Categories of Special Interest
Architectural Artistic Historical
In Use As
1915 - 1920
Attached single-bay four-storey former public house, built 1917. Now forming part of larger banking building, accessed from O'Connell Street, topped by late twentieth-century set-back attic extension (also spanning adjoining building). Original roof gone, extension fully slated. Red brick walling, laid in Flemish bond, with ashlar polished pink and grey granite 'triumphal arch' composition to ground floor, banded beneath impost mouldings and topped by frieze inscribed 'Mooney & Co. Ltd / Wines and Spirits'. Supports giant order granite pilasters with rectangular recesses to lower portion, advanced geometric motif to upper portion, moulded capitals, rising to modillioned frieze and cornice. All topped by brick parapet and granite cornice, advanced over pilasters. Square-headed horizontal window opening to third floor, ashlar granite voussoirs with dropped keystone, resting on granite pad-stones, granite sill. Two-tier oriel bay window to first and second floor on moulded granite base corresponding to ground floor cornice, timber panelling between stages, topped by timber cornice, upper tier diminished. Original multiple-light transomed and mullioned casements throughout. Ground floor dominated by central round-headed original entrance opening with black granite surround, varnished timber-framed stained-glass fanlight and with western sidelight remaining, central opening and eastern sidelight removed, all contained behind modern glazing panel over granite stall-riser. Flanked by three openings to either side comprising (from top) square stained-glass windows at high level, square-headed stained-glass windows with flush curved sills and iron grilles, low level rectangular openings covered with lattice grilles.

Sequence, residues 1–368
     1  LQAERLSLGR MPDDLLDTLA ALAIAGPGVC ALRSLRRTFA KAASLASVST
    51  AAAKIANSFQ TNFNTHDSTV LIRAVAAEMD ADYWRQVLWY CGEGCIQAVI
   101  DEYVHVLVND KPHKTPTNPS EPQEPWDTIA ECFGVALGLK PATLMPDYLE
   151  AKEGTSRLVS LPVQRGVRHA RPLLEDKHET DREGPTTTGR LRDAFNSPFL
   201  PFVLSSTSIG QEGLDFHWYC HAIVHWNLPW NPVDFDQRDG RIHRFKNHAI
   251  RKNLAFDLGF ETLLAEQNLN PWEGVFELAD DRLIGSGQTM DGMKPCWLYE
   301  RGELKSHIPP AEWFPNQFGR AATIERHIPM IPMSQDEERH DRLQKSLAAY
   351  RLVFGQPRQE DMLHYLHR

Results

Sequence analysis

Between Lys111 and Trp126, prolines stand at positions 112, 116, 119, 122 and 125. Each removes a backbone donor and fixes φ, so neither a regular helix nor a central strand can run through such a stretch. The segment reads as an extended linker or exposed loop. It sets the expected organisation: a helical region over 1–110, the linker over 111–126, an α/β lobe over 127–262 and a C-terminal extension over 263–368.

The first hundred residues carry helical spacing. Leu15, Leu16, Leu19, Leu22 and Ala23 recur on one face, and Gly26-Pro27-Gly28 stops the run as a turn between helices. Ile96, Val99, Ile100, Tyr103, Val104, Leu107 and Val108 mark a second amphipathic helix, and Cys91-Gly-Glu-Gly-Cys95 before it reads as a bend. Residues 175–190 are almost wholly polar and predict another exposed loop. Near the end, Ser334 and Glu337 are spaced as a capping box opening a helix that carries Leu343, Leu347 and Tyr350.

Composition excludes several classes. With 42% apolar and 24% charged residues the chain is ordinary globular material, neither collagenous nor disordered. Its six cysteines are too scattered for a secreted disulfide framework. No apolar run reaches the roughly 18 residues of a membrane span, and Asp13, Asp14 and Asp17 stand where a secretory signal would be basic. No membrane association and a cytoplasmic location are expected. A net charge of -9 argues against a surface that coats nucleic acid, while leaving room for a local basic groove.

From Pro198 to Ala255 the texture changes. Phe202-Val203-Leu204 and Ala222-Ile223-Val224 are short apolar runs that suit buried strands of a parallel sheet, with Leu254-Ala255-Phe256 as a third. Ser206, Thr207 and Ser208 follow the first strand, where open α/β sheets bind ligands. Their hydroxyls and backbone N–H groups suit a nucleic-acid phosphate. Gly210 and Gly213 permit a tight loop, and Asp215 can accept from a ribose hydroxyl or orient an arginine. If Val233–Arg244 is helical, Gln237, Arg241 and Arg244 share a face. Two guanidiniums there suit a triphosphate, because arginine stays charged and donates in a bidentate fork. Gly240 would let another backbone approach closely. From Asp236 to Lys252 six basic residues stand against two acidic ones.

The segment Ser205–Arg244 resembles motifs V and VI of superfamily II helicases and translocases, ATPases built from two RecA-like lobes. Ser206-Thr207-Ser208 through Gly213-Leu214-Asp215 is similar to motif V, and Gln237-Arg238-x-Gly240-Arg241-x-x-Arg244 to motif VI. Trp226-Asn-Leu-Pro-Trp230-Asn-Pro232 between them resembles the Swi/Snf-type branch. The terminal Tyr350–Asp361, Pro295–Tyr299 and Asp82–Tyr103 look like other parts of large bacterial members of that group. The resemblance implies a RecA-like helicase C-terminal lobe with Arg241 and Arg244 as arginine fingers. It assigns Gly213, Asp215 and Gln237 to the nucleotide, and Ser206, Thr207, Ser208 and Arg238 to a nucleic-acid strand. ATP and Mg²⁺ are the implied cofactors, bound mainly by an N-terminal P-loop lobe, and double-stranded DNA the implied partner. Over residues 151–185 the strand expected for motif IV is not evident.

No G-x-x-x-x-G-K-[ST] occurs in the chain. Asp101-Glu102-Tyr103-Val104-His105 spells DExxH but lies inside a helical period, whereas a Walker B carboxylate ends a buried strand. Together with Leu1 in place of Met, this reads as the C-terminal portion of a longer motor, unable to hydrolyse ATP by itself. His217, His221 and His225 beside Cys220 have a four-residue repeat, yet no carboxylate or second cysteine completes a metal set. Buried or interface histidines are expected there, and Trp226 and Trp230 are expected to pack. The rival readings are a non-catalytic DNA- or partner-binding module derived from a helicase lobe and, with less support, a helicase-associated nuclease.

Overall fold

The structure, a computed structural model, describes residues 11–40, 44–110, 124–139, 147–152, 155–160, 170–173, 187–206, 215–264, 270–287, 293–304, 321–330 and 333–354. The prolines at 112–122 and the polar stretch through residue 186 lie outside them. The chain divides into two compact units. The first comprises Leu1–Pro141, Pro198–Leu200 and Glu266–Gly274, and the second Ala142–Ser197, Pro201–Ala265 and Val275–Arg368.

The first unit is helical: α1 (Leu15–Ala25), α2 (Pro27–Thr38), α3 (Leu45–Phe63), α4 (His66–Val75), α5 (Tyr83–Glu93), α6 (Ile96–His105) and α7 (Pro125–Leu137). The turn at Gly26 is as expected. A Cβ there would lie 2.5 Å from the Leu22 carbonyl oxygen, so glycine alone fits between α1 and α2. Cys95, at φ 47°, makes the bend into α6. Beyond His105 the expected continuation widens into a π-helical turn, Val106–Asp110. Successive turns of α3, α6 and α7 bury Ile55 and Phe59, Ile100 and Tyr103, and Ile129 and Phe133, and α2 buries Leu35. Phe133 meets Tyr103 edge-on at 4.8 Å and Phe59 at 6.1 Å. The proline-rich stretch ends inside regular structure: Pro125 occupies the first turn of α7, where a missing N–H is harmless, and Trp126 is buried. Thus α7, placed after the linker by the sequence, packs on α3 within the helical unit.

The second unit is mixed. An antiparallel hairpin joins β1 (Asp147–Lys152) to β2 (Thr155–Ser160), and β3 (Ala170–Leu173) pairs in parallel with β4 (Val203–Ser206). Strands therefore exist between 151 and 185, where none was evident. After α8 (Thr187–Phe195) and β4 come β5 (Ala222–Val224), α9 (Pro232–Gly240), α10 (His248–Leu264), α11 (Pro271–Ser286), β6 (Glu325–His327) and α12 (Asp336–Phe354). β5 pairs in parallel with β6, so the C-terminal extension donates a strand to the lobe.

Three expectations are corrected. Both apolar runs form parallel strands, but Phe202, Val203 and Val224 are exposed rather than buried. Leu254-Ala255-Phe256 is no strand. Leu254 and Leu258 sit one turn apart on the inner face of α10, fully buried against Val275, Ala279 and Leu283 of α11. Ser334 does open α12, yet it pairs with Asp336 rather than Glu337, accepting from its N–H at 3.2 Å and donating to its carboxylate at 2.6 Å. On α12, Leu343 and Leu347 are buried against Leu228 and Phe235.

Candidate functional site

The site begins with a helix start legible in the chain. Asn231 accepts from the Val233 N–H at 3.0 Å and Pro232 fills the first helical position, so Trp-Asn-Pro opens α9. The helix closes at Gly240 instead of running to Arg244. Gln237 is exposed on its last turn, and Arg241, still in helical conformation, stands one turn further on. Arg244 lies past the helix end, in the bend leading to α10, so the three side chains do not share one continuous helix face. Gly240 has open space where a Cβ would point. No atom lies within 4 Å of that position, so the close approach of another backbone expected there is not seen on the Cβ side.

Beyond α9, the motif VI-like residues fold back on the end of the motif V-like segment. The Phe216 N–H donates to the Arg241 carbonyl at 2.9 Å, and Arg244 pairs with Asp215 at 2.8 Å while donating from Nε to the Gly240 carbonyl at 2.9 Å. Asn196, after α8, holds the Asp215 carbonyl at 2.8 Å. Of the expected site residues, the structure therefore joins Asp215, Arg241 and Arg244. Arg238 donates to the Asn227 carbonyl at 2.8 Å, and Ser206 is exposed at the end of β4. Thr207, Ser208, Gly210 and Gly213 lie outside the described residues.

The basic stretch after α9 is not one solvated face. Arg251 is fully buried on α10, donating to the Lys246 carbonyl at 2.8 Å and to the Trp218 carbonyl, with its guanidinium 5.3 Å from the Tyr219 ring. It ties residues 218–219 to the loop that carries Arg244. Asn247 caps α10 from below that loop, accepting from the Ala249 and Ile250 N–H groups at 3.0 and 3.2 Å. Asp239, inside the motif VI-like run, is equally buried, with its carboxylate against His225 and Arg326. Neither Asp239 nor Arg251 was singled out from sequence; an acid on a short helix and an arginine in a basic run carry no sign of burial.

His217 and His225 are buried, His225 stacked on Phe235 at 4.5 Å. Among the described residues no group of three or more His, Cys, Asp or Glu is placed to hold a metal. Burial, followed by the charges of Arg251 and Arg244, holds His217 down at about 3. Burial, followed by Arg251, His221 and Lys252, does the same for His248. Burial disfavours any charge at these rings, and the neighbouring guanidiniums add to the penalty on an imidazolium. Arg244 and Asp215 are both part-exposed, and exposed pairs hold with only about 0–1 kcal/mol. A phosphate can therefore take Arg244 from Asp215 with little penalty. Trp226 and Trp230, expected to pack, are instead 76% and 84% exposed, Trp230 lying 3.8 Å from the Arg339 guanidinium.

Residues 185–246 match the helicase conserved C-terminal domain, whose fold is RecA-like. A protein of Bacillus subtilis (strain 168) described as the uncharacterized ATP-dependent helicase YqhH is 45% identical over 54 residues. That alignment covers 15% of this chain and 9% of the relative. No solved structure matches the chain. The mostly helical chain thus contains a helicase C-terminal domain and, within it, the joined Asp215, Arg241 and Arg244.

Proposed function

An exuberant composition of 1917 by McDonnell & Dixon, facing south onto Abbey Street and characterised by an eclectic array of styles and materials. The façade is dominated by a ground floor in pink and grey granite, which takes the form of a triumphal arch, clamouring for attention with a fine double-height oriel window in the Arts and Crafts style, and Giant pilasters with geometric motifs. The overall impression is lively and is much enhanced by the retention of finely-crafted stained glass, including the impressive arched entrance door. The original use is still inscribed in the masonry, providing interesting historical context, and, along with its neighbour, the building makes a significant contribution to the architectural heritage of the north side of the Liffey.